Tag Archives: biomechanics

Biomechanics BS. Can you ‘predict’ injury or pain?

The perspective that the body is an interconnected unit that displays regional interdependence is a valuable one. That different parts interact in different ways during different activities and influence ROM (range of movement) in other areas of the movement chain … Continue reading

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Muscle activation – Are muscles simply reactors to bone and joint motion?

So I have seen various variations on Gary Gray’s view that muscles are reactors. I think this is spot on. Muscles ARE reactors. I think what Gary meant by this was that generally we see muscles as concentric force producers. … Continue reading

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Simple side of biomechanics!

One of the key things to understanding how to view the body functionally specific is the biomechanics behind how we move. A (simplified) understanding of biomechanics allows us to break down different functions to create authentic movement based techniques that … Continue reading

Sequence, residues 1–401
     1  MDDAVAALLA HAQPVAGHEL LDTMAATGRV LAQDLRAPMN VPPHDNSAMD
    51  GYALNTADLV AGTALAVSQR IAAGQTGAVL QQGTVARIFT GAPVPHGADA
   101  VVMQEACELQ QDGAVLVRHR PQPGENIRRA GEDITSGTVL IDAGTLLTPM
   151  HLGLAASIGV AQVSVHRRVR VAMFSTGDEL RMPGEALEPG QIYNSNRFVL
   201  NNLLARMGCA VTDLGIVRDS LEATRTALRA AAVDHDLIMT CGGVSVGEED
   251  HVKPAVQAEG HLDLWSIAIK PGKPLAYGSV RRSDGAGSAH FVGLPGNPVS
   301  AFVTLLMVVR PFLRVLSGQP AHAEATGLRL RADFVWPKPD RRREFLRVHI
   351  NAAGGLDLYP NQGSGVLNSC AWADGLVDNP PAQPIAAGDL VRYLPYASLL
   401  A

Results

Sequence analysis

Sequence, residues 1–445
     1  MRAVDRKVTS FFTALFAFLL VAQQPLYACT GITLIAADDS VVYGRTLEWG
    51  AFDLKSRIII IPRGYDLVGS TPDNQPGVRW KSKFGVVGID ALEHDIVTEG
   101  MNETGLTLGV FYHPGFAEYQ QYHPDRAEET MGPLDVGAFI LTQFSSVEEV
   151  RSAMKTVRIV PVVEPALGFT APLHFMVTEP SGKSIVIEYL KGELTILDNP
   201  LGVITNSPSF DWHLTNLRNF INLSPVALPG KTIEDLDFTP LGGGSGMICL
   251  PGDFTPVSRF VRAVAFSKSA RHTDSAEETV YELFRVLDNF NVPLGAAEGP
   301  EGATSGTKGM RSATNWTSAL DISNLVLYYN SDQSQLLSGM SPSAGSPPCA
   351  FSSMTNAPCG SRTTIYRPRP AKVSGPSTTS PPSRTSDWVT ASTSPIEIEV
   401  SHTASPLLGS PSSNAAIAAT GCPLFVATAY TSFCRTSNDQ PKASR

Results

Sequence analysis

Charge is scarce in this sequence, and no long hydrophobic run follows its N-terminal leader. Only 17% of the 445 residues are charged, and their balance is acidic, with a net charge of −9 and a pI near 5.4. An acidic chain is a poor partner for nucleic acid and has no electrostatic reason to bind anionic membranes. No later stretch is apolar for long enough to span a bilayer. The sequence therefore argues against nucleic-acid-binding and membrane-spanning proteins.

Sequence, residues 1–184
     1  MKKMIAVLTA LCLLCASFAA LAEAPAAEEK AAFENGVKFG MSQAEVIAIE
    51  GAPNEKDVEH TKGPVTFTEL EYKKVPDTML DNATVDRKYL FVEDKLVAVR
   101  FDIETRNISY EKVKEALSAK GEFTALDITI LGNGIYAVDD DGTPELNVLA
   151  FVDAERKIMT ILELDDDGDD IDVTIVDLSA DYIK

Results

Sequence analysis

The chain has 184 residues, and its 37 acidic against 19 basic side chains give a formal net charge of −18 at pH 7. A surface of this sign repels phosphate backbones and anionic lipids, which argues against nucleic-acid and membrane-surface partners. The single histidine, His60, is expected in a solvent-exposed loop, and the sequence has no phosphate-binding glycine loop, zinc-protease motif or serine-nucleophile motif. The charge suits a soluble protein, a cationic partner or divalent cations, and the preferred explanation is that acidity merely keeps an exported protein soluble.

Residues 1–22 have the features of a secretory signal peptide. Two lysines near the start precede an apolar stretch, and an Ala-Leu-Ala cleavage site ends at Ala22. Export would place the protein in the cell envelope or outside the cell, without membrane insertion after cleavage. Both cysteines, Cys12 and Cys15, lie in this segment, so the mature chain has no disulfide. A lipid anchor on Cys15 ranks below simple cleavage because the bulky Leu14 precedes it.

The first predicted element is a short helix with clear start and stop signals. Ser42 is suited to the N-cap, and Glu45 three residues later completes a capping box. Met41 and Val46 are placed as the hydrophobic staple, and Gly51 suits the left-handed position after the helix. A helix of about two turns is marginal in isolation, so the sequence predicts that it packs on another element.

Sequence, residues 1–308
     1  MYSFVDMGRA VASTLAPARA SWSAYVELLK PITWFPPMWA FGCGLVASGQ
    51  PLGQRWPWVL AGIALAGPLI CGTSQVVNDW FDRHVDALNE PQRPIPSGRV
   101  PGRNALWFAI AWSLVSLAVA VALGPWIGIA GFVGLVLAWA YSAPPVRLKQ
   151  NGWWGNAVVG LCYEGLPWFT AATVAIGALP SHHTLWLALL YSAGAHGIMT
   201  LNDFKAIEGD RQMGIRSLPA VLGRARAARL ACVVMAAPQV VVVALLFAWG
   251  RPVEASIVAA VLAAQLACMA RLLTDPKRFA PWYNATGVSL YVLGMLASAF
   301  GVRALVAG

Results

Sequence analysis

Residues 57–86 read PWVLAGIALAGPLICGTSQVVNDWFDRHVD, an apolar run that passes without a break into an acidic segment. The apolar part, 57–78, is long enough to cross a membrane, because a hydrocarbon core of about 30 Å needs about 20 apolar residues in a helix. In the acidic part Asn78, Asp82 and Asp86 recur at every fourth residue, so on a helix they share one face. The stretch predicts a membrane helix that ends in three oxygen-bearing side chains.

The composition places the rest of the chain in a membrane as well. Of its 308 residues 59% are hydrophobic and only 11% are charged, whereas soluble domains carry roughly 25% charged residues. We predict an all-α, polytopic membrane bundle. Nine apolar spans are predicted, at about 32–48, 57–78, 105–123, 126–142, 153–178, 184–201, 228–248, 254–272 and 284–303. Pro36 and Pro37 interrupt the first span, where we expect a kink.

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Movement screens!

I have read a lot of stuff on movement screens recently and specific “functional tests” such as overhead squats and single leg squats. People both extolling their virtues and others maybe less sure about their validity. I thought I might … Continue reading

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Fascia

I have read a few blogs recently on fascia. All of them giving a different perspective on what is a very prevalent topic at the moment. One was based around the significance of fascial contraction and the biomechanical influence it … Continue reading

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Dynamic stretching!

Its been a while since I last wrote so I thought I better had! Today’s blog is about dynamic stretching. To stretch or not to stretch, dynamic or static, these are all questions posed in the fitness industry. Another question … Continue reading

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Optimal range. More may not be better!

This blog comes courtesy of a conversation I had with my good friend Mike. Its all about optimum range of a muscle. It kind of followed on from this piece of info… The eccentrically-loaded muscle will start its contraction weak … Continue reading

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